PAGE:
Tepco Reports Second Deadly Radiation Reading at Fukushima
Fukushima Power Plant
EMF Protection Devices
Magnetic Field Detector
By Tsuyoshi Inajima and Kari Lundgren - Aug
Power Co. reported its second deadly radiation reading in as
many days at its wrecked Fukushima nuclear plant north of
The utility known as Tepco said yesterday it detected 5
sieverts of radiation per hour in the No. 1 reactor
building. On Aug. 1 in another area it recorded radiation of
10 sieverts per hour, enough to kill a person “within
a few weeks”
after a single exposure, according to the
World Nuclear Association.
Radiation has impeded attempts to replace cooling systems to
bring three melted reactors and four damaged spent fuel
ponds under control after a tsunami on March 11 crippled the
plant. The latest reading was taken on the second floor of
the No. 1 reactor building and will stop workers entering
“It’s probably the first of many more to come,” said Michael
Friedlander, who spent 13 years operating nuclear power
the U.S., including the Crystal River Station in Florida.
“Although I am not surprised, it concerns me greatly; the
issue is the worker safety.”
The 10 sieverts of radiation detected on Aug. 1 outside
reactor buildings was the highest the Geiger counters used
were capable of reading, indicating the level could have
been higher, Junichi Matsumoto, a general manager at the
utility, said at a press conference.
“Ten sieverts is the upper limit for many dosimeters and
almost equal to the amount that killed workers at the JCO
nuclear accident in 1999,” said Tomoko Murakami, a nuclear
researcher at the Institute of Energy Economics, Japan.
In that accident, then the world’s worst since Chernobyl in
1986, more than 600 people were exposed to radiation after
workers inadvertently started a nuclear chain reaction while
processing nuclear fuel at a plant near Tokyo. Two employees
of JCO Co., a wholly-owned subsidiary of Sumitomo Metal
Mining Co., died from radiation
Tepco was forced to pump water into the three Fukushima
reactors after the March 11 earthquake and tsunami disabled
cooling systems. The company in May estimated there would be
200,000 tons of radiated water in basements and other areas
of the Fukushima Dai-Ichi plant by December.
“If nuclear fuels melted through containment chambers, Tepco
will find even higher radiation readings after water in
building basements is removed,” said Tetsuo Ito, the head of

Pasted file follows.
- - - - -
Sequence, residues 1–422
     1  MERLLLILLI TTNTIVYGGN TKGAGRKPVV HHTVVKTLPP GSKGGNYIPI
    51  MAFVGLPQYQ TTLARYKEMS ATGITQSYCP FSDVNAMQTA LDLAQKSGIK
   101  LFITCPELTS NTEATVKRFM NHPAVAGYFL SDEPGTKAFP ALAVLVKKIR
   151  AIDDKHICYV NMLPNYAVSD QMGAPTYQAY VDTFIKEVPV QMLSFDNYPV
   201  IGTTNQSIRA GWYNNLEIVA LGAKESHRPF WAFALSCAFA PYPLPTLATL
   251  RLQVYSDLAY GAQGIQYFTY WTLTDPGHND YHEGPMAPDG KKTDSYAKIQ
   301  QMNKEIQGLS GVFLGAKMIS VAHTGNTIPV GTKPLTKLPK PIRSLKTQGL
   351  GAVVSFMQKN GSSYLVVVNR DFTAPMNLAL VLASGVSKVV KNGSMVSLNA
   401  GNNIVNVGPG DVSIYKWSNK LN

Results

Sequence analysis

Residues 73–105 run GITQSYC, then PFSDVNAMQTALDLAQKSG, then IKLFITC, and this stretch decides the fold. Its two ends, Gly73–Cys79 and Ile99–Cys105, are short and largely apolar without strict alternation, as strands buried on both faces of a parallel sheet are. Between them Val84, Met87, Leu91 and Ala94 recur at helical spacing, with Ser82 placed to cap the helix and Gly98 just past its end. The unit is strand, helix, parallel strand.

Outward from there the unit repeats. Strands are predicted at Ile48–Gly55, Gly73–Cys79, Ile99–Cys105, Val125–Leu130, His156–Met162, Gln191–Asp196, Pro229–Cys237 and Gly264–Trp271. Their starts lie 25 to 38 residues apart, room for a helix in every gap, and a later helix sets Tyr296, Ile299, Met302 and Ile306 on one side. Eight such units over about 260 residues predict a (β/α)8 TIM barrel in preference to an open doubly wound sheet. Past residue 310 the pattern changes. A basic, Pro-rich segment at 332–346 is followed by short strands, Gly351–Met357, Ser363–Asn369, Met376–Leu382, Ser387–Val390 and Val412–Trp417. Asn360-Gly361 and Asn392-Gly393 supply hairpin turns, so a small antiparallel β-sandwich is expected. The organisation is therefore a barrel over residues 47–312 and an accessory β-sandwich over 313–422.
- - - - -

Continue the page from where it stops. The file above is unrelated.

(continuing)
the Atomic Energy Research Institute at Kinki University.
Tepco has been criticized by the government for withholding
radiation data and other missteps that have worsened the
crisis. About 160,000 people have been evacuated from areas
stretching 20 kilometers and more from the plant.
On May 27, Chief Cabinet Secretary Yukio Edano said Tepco’s
withholding radiation data was contributing to “public
distrust.” The utility responded by saying it will publish
in August the combined figures of radiation released into
the atmosphere and in contaminated water. It hasn’t given a
date for release of that information.
Radiation leaks from the Fukushima reactors have spread over
600 square kilometers, Tomio Kawata, a fellow at the Nuclear
Waste Management Organization of Japan,
said in a research report published on May 24 and given to
Radioactive soil in pockets of areas outside the exclusion
zone around the plant have reached the same level as in
Chernobyl following a reactor explosion in the former Soviet
the report said.
The threats to Japan’s food chain are also multiplying as
radioactive cesium emissions from the Fukushima plant
spread. Contaminated beef has been found on supermarket
shelves around the country, forcing the government to ban
cattle shipments from areas in northern Japan.
The latest high radiation readings are probably coming from
materials released during early failed attempts to release
pressure in containment vessels and vent hydrogen gas to
prevent explosions that damaged reactor buildings, Matsumoto
said. There were about 2,760 workers at the plant on Aug 1.
Tepco on April 17 set out a so-called road map to end the
crisis by January, aiming to bring down radiation levels at
the plant within three months and then achieve a so-called
cold shutdown where reactor temperatures fall below 100
degrees Celsius (212 degrees Fahrenheit).
The utility needs to investigate other areas that may hold
high radiation levels in line with the cold-shutdown and
clean up, said Murakami at Energy Economics.
“Tepco workers and its subcontractors who know the Fukushima
plant well may be the only ones that can discover such hot
spots,” he said. “For people new to the plant it’s deadly.”